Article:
Cover Story

Dreams and reality

"Dreams and reality" Continued...

Issue: "On the rails," Oct. 9, 2010

Inside a nearby Bridge of Hope center, nearly 100 elementary-age children learn that they are not untouchable, as they recite Bible verses and sit under a hand-painted sign reading: "Jesus said, Let the children come to Me."

The children also spend the afternoon learning math, science, reading, and conversational English. A social worker at the center helps neighborhood children gain entrance into local schools that sometimes turn away Dalit children. She helps others attend Christian schools, if possible.

Education is key to finding opportunities beyond the menial jobs that keep many in grinding poverty, and the young social worker says parents are eager for their children to learn: "Many of the parents can't even write their names."

Many of the parents also have trouble providing food for their families: Inflation has brought a steep climb in food prices and has left many scrambling. At the end of one recent afternoon at the New Delhi center, children sat in full classrooms, scooping rice and beans from deep, silver dishes before going home. For some, it's the only meal they'll eat all day.

If productivity and education are chipping away at deep-rooted poverty, experts say that the government should foster an economy that encourages the poor to develop and thrive.

Derek Scissors of the Heritage Foundation says increasing government intervention in markets has done more harm than good to the poor. After nearly two decades of reform that helped free up markets and create more opportunity, Scissors says the government is reversing course: "The state is shoving the private sector aside because it wants to do more and more and more."

A painful example came in August: Government officials in New Delhi admitted that they had allowed some 67,000 metric tons of grain to rot, and that another 17 million metric tons were in similar danger. The reason: layers of government intervention in markets.

The Indian government guarantees farmers a set price for grain and encourages farmers to sell their grain to the government. When government officials took in a surplus of grain this year, they sent it to the market. But they also overpriced the grain, so it didn't sell. Exporting wasn't an option because the government banned such exports in 2007.

That means the government may waste enough grain to feed 140 million people for a month in a country with a 40 percent poverty rate. The Indian Supreme Court has tried to intervene, ordering government officials to release some of the grain to the poor. It's unclear how much food will reach poor populations in time to avoid vast waste.

Meanwhile, plans for menus at the Commonwealth Games are robust: Officials promise to offer food from all over the world, including a variety of fish, chicken, vegetables, fruit, cheeses, nuts, yogurt, and salad. The Times of India reported that the central kitchen is set to serve up to 30,000 meals a day.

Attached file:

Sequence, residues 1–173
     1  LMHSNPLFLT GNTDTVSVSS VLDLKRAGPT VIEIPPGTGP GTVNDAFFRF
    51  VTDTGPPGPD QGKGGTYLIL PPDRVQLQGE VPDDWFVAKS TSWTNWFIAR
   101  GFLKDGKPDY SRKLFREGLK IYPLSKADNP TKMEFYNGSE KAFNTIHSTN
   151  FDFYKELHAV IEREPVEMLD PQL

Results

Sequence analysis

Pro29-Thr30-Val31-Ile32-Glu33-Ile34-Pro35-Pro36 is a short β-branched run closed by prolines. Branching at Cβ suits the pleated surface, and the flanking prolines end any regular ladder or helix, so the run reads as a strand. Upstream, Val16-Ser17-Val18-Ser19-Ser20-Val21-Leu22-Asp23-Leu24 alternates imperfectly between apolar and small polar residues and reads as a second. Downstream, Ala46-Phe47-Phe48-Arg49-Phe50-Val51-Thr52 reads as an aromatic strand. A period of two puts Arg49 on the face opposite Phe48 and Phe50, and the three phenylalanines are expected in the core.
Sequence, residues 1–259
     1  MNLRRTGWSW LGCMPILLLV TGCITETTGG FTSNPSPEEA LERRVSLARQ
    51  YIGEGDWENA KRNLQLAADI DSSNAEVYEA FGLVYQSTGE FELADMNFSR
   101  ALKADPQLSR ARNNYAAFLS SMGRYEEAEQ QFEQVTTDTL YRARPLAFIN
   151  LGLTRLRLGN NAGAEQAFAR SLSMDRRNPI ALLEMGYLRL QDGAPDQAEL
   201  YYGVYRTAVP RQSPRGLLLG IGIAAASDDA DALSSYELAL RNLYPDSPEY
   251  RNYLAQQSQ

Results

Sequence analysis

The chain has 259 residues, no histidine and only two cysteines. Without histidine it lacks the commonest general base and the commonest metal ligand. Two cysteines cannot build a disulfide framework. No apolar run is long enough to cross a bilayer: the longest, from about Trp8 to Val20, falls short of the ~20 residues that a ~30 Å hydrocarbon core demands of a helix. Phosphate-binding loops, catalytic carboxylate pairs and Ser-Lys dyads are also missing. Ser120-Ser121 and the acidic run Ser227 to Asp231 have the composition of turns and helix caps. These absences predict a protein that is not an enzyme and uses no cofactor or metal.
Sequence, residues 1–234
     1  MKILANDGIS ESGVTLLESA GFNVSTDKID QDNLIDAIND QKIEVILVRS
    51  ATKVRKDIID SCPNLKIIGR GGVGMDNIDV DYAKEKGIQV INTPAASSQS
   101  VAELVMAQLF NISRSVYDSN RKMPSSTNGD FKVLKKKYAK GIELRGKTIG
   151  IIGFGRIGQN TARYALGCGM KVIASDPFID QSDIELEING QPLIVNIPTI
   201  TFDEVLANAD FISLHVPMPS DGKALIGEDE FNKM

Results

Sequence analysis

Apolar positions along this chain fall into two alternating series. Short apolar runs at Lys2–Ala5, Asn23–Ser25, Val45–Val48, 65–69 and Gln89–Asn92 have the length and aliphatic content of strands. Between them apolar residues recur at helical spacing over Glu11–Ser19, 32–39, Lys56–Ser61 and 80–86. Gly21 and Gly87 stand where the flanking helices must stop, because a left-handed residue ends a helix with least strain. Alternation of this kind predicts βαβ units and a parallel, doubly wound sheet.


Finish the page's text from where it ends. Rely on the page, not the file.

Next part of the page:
Not destroyed

Persecution is ongoing, say Indian pastors, and helps to build the church

One church leader in central India has a chilling way of describing the persecution he says is a constant reality for many Christians in the predominantly Hindu nation: "They try to catch us from the water."

The evangelical pastor-who asked to remain anonymous to protect his ministry and his safety-says that Christians are often targets on the day of their baptism. So are their pastors. "I know one pastor who was jailed seven years for baptizing," he says.

Accounts of persecution in India ebb and flow in media reports, but Christians in India say it's an ongoing reality.

The pastor from central India says in some areas, pastors conduct baptisms in secret: Church members take different routes to rendezvous at predetermined locations to witness baptisms of new Christians. But precautions don't always work. And extremists who want to persecute Christians sometimes lure pastors into harm by asking them to come and pray for a relative or speak with them about Christ. At least three ministers who have gone to such meetings, the pastor says, were discovered dead a few days later.

Another church leader says he escaped beatings three times in reaction to his becoming a Christian in a remote village. And another pastor endured a group of radicals carrying him into a Hindu temple and trying to force him to worship other gods. He refused.

K.P. Yohannan, who is Indian and the president of the Dallas-based Gospel for Asia, says persecution is "a way of life" for many Christians in India: "There is not a day that goes by that I don't get an email or a telephone call to the extent that somebody has been beaten up."

Yohannan says that extremists often oppress Christians to wield power, especially over the lowest castes. "A Dalit who would live as a Dalit is always convinced in himself that he is less than an animal in value," he says. "But the Christian faith liberates him-he is equal in value, he is a child of God. And that is the biggest threat to the people in power."

The pastor in central India says persecution hasn't hampered the growth of the church there. "The church has grown the most since the persecutions," he says. "Persecution builds the church."

Jamie Dean
Jamie Dean

Jamie lives and works in North Carolina, where she covers the political beat and other topics as national editor for WORLD Magazine. Follow Jamie on Twitter @deanworldmag.


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